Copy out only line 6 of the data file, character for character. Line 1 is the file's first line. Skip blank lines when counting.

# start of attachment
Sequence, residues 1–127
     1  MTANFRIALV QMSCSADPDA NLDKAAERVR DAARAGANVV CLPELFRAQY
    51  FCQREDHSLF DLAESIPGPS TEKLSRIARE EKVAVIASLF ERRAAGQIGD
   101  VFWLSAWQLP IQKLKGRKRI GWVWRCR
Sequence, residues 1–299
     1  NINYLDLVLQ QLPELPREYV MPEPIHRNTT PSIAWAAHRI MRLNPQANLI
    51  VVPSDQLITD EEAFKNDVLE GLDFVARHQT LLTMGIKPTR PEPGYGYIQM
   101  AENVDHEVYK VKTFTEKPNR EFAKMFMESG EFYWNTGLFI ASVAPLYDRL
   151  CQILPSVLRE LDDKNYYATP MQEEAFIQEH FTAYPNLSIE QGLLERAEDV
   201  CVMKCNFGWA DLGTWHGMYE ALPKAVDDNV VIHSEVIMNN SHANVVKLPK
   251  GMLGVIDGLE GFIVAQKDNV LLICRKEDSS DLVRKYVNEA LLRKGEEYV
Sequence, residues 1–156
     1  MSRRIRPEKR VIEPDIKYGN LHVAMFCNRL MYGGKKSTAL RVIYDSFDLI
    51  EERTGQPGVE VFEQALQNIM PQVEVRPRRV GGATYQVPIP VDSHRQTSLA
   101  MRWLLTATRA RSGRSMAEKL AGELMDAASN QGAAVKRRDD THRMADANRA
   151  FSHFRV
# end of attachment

     1  NINYLDLVLQ QLPELPREYV MPEPIHRNTT PSIAWAAHRI MRLNPQANLI